Category talk:Greek Saints

From OrthodoxWiki
Revision as of 11:40, November 23, 2012 by Rhodion (talk | contribs) (What is a Greek saint?: new section)
(diff) ← Older revision | Latest revision (diff) | Newer revision → (diff)
Jump to: navigation, search

Modern Greek Saints

Source of list: The Greek Orthodox Archdiocese of Australia - Modern Day Saints of the Greek Orthodox Church

  1. St. Nektarios of Aegina
  2. St. Nicholas Planas of Athens
  3. St. Savvas of Kalymnos
  4. St. George of Ioannina
  5. St. Nikodimos of Mount Athos
  6. St. Symeon of Trapezoundos
  7. St. Kosmas the New Hieromartyr & Equal-to-the Apostles of Aetolia
  8. St. Zacharias the New Martyr of Patra
  9. St. Dimitrios the New Martyr of Constantinople
  10. St. George the New Martyr of Crete
  11. St. Nicholas the New Martyr of Corinth
  12. St. Theodore the New Martyr of Byzantium
  13. St. Kyranna the New Martyr of Thessaloniki
  14. St. Eudokia the Martyr of Heliopolis
  15. St. George the New Wonderworker of Constantinople
  16. St. Manuel the New Martyr of Crete
  17. St. Myron the New Martyr of Crete
  18. St. Michael the New Martyr of Smyrna
  19. St. John the New Martyr of Epiros
  20. St. Nektarios the New Martyr of Optina
  21. St. Pachomios the New Martyr of Patmos
  22. St. Epimachos the New Martyr of Alexandria
  23. St. New Martyr Nicholas of Metsovos
  24. St. Andrew the New Martyr of Argentes
  25. St. Demetrios the New Martyr of Philadelphia
  26. St. Constantine the New Martyr of the Hagarenes
  27. St. Theophanes the New Martyr of Constantinople
  28. St. Nikitas the New Martyr of Nisyros
  29. Holy New Martrys Archpriest of Crete Gerasimus, Knossos Neophyte, Xepponessos Ioachim, Lampe Hierotheus, Seteia Zacharius, Kisamos Melchisadek, Piopoleos Kallinicus and Those Martyred with Them.
  30. St. Michael the New Martyr of Athens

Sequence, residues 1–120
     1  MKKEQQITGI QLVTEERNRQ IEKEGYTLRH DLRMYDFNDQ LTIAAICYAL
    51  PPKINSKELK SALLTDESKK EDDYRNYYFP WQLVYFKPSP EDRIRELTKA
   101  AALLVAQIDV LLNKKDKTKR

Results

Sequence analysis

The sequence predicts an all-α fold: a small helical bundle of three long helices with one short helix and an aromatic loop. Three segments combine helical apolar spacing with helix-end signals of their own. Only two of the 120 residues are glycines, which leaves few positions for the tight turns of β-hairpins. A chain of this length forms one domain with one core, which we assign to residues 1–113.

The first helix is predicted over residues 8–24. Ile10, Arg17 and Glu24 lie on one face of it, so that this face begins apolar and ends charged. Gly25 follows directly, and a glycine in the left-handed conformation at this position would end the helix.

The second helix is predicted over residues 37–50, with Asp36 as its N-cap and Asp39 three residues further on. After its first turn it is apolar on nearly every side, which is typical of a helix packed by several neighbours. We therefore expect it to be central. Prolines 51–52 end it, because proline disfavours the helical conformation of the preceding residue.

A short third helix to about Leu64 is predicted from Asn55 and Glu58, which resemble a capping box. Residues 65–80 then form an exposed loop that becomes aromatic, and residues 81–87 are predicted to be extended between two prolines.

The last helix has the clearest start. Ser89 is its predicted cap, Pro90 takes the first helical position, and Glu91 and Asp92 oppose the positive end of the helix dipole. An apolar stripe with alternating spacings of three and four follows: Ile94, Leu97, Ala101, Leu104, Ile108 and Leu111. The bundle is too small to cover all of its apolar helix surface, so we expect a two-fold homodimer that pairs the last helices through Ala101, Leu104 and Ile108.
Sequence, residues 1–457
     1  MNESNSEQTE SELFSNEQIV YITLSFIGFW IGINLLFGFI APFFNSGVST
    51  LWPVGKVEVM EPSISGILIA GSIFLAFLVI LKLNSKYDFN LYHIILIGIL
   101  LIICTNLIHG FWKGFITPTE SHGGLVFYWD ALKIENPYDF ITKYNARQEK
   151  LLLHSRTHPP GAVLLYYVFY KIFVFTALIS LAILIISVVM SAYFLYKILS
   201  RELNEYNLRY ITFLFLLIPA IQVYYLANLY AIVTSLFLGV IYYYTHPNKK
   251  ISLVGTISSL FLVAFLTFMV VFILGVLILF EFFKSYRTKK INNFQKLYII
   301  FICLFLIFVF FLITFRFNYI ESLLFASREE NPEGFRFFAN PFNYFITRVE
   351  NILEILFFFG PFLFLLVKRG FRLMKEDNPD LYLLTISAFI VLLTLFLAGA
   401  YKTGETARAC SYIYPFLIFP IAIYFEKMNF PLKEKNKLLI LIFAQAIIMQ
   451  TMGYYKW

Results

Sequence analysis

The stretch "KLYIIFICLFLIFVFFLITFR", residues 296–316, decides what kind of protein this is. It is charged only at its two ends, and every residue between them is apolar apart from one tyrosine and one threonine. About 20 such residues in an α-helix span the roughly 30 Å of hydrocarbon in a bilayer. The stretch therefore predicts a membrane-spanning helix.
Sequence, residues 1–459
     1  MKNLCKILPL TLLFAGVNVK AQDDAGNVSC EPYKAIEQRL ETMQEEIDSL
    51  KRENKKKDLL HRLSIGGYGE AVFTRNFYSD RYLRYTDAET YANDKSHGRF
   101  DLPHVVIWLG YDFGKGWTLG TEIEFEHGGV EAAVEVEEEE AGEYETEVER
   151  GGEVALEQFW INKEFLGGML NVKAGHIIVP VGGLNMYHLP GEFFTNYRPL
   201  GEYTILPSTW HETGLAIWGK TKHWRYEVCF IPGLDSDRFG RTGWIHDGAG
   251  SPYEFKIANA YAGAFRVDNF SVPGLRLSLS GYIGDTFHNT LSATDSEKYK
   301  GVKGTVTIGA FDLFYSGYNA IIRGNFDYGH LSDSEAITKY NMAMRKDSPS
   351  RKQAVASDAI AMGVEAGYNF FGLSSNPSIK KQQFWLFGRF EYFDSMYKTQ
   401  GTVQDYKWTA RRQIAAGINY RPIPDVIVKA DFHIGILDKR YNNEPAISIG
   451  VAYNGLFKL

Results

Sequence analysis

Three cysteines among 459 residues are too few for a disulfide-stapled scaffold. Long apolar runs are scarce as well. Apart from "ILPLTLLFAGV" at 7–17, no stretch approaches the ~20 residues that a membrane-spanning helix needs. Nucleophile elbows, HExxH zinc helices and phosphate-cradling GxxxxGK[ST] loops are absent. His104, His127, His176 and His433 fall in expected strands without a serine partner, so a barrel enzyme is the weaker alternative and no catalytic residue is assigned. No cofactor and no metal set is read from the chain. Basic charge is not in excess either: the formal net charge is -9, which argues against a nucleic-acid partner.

31. Holy New Martyrs Elizabeth the Grand Duchess and the Novice Barbara
  32. St. Kyprianos the New Martyr of Koutloumousiou Monastery
  33. St. Theophilos the New Martyr of Zakynthos
  34. St. Theodore of Dardanelles
  35. Holy New Martyrs Triantaphillus of Zagoras and Anastasios of Thessolonica
  36. St. John the New Martyr of Crete
  37. St. John the New Martyr of Epiros
  38. St. Juvenaly & Peter the Aleut, New Martyrs of Alaska
  39. St. Akylina the New Martyr of Thessaloniki
  40. St. Chryssi the New Martyr of Greece
  41. St. Panteleimon the New Martyr of Asia Minor
  42. St. John the New Martyr of Peleponnesos

What is a Greek saint?

The definition this article gives is they "who were born or died in Greece and/or whose relics have survived in Greece". Well, I'm not sure if this is true. What would a saint born and died in Asia Minor, i.e. present-day Turkey, be? A Turk saint? I think that this is false. Possibly the only Turkish saints would be those new martyrs born Ottomans, converted to Christianity and martyred, namely Ahmed the Calligrapher and a few others. However, the Rum millet during the Ottoman empire was multi-ethnic and the Ottoman millet was Muslim exclusively. So, in a way, even these saints would not qualify as Turks.

The Roman empire, terminally defeated in 1453, had been a Greek-speaking empire since at least the 6th century and the "Romian ethnos", come into being after Charlemagne was crowned a Roman empire, gradually led to a neo-Hellenic ethnogenesis. Between 11th and 15th centuries, the Romian self-conscience was Greek. So, I propose that the Romians/Byzantines after the Schism and until the Fall of Constantinople would be categorized as Greeks.

As far as the Rum millet is concerned, I know that it was a multi-ethnic community for centuries. But in 1922, when a population exchange took part between Greece and Turkey, all Christians from Asia Minor came to Greece, no matter what their language was. There were people that could not speak a Greek word. Similarly, all Muslims left Greece for Turkey, even if their mother tongue was Greek. So, I propose that the saints of this period from/in Asia Minor and proper Greece be classified as Greeks, except if otherwise proven. Rhodion 01:40, November 23, 2012 (HST)